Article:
The summer’s in full swing, and the established plants are finally being fully productive. I was starting to wonder if some of them were just going to sit there inertly, but we’re truly moving into harvest season now. The main work in the last few days has been keeping everything sufficiently watered, and keeping the plants in pots frequently fed.
It’s the best time of the year in this kitchen garden, and at long last there’s a feeling of plenty rather than simply waiting and wondering if it’s ever going to happen. It’s working, finally, and there’s plenty to eat. I’ve also been having lunch in the garden on days that I work from home, with meals going from plot to plate and back again in the space of a few minutes. Pick, prep, eat.
Although many veggies were no-shows, the French beans, borlotto beans and assorted courgettes are producing heavily. The Zephyr F1 squashes that were so prolific last month now seem to have tailed off, and have been superseded by the giant climbing Tromboncino (AKA Tromba di Albenga) and a few Jemmer and Defender courgettes. Amazingly we still aren’t bored of beans or courgettes, perhaps because there are different varieties of each and I’m stocking the freezer with the excess as we go along so there’s no overkill on the weekly menu.
The compact butternut squash plants, by comparison, have dropped most of their fruitlets and now each have only one butternut per vine. It’s a pretty poor turnout so they’d better taste amazing or they’ve basically failed their audition.
We have plenty of soft herbs this month after a very slow and rather lame start, and the repotted rosemary and sage plants are making lots of extra leaves too. These are making meals more interesting, and there’s been enough surplus to start off some flavoured oils and vinegars to enjoy over the winter, as well as picking a few sprigs and hanging them up to dry for later use.
The little kitchen garden’s giving us boxes and boxes of tomatoes from the bushy container plants, and it looks like many more will be ripening over the next couple of days. The first cordons are becoming ready as well, and I savoured the first bite of a Gardener’s Delight tomato with my lunch today. No supermarket tomato ever tasted that good. We’ve had some amazing salads, and plus a couple of different zingy salsas with the home grown chillies. I’ll post a new salsa recipe soon, one I made with our first tomatillos.
Other salad ingredients that’ve been doing brilliantly include lots of juicy spring onions and crisp cucumbers. I’ve even made a big jar of refrigerator pickles with dill and green coriander seeds – a nice way to get one last thing out of a bolted pot of herbs, and make the most of the almost-glut of Konsa cucumbers that have been romping away in the sunshine. We love pickles in this house, and the hardest part is waiting for them to mature properly over the next few days without tucking into the jar early. Patience, patience, I know. Mmmmmm, pickles.
We’re down to two small patches of lettuce (tiny Tom Thumb and red Amaze) after the start of the warm weather made everything else bolt. Although I have done some sequential sowing and re-sowings, it seems to have taken ages for things to get started so I’ve resorted to growing cress on the windowsill and taking the occasional baby leaf off the recently planted out chard seedlings. There’ll be some baby leaf mizuna to plunder by the weekend too, although I want to let most of it grow on for autumn and winter dinners.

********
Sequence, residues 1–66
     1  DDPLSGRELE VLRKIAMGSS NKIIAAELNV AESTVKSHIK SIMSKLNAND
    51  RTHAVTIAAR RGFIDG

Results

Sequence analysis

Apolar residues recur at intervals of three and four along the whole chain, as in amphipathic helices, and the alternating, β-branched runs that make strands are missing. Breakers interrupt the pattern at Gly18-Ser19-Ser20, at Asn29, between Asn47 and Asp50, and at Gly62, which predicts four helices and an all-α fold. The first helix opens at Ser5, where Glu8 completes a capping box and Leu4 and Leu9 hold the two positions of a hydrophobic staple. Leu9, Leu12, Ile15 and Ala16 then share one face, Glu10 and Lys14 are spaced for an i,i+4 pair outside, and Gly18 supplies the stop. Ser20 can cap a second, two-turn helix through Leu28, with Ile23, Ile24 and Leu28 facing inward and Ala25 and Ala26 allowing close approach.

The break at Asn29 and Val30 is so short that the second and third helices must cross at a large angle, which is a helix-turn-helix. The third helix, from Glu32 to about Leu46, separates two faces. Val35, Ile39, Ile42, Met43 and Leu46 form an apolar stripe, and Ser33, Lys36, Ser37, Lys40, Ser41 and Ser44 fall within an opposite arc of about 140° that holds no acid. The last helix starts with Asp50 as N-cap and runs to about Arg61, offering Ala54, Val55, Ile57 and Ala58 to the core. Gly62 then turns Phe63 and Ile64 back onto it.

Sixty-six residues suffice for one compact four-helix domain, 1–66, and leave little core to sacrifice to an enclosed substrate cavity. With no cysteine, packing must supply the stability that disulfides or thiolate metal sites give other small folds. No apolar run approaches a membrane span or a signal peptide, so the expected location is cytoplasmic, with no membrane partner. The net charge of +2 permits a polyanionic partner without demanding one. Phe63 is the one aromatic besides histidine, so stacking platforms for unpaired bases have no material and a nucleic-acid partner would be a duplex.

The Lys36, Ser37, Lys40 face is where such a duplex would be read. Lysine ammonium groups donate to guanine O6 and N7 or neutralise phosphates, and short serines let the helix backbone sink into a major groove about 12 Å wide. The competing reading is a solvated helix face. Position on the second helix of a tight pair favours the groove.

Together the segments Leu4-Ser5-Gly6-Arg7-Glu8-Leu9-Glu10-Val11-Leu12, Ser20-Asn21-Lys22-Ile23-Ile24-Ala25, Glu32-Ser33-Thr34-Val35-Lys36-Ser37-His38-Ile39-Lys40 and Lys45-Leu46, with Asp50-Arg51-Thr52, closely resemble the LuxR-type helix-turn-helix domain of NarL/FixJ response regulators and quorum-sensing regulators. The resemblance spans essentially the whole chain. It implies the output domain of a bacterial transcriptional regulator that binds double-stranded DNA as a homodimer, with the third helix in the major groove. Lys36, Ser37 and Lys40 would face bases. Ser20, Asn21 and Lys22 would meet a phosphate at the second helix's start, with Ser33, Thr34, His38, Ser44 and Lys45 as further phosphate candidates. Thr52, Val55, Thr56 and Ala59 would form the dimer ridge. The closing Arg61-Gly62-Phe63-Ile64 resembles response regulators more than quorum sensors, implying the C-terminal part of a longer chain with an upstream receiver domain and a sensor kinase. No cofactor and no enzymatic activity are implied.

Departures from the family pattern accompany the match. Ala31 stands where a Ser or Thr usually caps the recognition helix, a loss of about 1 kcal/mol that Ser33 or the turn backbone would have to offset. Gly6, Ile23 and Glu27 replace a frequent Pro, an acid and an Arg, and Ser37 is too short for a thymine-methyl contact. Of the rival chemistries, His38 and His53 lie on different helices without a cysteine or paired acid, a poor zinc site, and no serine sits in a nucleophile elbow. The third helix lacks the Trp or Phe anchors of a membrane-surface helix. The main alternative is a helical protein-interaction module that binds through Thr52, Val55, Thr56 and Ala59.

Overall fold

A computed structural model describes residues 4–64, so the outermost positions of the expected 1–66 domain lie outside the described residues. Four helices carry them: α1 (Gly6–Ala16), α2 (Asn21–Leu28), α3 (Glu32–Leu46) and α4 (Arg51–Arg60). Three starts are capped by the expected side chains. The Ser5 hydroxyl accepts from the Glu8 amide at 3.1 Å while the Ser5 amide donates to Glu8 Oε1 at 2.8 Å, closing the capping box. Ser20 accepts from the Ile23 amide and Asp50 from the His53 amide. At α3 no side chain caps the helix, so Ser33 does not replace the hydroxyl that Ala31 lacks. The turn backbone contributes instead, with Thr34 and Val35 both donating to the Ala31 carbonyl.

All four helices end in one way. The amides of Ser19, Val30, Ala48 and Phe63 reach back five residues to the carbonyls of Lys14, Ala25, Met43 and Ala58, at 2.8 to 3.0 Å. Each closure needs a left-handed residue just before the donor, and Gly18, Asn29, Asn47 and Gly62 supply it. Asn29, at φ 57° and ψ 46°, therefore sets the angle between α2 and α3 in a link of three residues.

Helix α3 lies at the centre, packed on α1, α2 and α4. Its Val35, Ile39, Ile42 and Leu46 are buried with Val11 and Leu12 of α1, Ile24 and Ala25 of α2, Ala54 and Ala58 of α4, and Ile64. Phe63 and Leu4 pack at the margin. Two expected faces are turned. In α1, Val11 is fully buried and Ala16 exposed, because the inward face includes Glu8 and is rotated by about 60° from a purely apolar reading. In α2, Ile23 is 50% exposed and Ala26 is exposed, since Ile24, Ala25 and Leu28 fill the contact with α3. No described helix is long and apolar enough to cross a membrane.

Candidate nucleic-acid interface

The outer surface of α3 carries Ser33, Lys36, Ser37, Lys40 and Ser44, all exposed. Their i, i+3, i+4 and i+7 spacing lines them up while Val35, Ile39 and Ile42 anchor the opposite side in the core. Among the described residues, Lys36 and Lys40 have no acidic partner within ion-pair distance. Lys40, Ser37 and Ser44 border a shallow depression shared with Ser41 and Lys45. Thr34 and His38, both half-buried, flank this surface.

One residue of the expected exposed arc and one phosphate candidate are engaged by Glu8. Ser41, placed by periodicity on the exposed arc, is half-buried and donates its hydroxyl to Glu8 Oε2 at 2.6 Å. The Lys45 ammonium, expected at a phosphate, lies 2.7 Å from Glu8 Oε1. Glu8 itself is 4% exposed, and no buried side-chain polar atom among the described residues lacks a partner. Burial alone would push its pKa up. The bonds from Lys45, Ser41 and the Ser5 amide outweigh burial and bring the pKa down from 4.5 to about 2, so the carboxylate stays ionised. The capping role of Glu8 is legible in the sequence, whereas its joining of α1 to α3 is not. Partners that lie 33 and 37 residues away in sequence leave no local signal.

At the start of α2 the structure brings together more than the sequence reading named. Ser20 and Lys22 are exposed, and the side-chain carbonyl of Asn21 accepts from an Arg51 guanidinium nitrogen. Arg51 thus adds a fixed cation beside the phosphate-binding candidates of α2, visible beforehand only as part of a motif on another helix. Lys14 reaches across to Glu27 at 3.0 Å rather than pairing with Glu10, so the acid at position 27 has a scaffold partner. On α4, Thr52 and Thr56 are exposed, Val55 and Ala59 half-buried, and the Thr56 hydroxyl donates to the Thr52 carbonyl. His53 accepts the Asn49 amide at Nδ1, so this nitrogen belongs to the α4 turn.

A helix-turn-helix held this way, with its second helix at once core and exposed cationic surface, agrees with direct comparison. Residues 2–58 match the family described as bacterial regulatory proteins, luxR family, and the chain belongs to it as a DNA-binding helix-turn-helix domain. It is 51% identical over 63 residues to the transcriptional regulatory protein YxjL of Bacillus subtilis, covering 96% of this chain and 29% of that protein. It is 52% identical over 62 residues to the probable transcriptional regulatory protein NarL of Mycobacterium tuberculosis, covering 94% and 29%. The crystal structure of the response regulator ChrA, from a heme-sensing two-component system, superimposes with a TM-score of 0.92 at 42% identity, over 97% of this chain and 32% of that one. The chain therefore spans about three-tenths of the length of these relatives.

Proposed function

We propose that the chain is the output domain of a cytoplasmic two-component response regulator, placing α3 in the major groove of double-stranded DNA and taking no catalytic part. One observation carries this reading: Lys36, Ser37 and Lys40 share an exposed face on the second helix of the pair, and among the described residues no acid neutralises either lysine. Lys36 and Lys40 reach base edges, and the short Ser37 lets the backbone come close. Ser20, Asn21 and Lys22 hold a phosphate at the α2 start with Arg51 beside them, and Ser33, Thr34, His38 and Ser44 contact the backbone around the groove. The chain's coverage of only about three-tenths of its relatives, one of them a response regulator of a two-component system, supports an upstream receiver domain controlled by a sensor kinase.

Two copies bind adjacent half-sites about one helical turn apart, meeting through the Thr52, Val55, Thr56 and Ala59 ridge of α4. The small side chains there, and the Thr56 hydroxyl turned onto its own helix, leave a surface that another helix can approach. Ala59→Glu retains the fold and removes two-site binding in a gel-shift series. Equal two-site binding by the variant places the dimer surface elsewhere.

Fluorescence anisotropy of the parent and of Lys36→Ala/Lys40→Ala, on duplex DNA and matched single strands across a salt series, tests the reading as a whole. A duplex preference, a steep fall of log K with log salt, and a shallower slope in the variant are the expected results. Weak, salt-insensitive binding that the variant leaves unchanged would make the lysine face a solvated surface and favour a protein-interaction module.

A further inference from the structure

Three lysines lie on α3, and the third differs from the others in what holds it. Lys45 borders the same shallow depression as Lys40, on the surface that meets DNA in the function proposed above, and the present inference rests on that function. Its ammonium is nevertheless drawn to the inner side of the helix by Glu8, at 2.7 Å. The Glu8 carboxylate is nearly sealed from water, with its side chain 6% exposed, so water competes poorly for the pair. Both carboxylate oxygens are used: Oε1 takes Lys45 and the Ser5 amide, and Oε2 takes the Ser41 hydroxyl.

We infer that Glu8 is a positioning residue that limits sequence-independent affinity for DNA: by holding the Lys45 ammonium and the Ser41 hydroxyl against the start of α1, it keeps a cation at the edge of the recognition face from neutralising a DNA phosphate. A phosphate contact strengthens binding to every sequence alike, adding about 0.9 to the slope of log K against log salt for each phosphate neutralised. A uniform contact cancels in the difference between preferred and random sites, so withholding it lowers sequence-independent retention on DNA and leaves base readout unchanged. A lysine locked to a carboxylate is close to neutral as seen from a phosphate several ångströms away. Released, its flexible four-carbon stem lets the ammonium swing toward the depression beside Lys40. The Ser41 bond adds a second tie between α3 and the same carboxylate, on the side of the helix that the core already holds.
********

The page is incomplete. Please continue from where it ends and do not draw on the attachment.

Other recent sowings and plantings include: Dwarf Green kale, Chinese broccoli, perpetual spinach leaf beet, Ruby chard, kohl rabi, Purple Top Milan turnip, Spring cabbage, cavolo nero, winter and summer radishes, silver beet, pak choi and choi sum. Not all of it has germinated or fully taken root yet and some of the seeds were pretty ancient so I have no idea what we’ll end up with. I might sow up some more autumn and winter plants in modules at the weekend if there’s time, so they can have time to grow on for a while before planting out in a few weeks.
Garden pests don’t seem to be as bad as they were last week, and a sprinkling of organic slug pellets appears to have protected those salad seedlings and new sowings. One thing I don’t like the look of is a few tiny green caterpillars abseiling out of the cherry tree on threads in the last couple of days, and it seems as though they might be winter moths of some sort. If that’s the case then I’m probably going to have to get a grease band or organic glue for the trunk of the tree next month and that will blow my budget for the year… The damage is mainly cosmetic so I could leave it, but it might spread to other plants and wouldn’t be fair on neighbouring gardens.
Meanwhile, preserving and processing seems to be the order of the day now. I’m not going to put any more courgette dishes or rhubarb into the freezer during 2016 because there’s an opportunity-cost to overdoing it with any single ingredient, but there’s still room for some extra blanched fine French beans and other veggies. I’m also stockpiling raspberries for a jam-making session, and looking at recipes for pickled nasturtium seeds (poor man’s capers), oven dried tomatoes, chilli relish and various pickles and chutneys. They’re like sunshine in a jar and I can hardly wait to get started on those.
Do you have any favourite jams, conserves, pickles or chutneys etc? Nothing with courgettes as the main ingredient, please, I don’t crave them in the wintery months…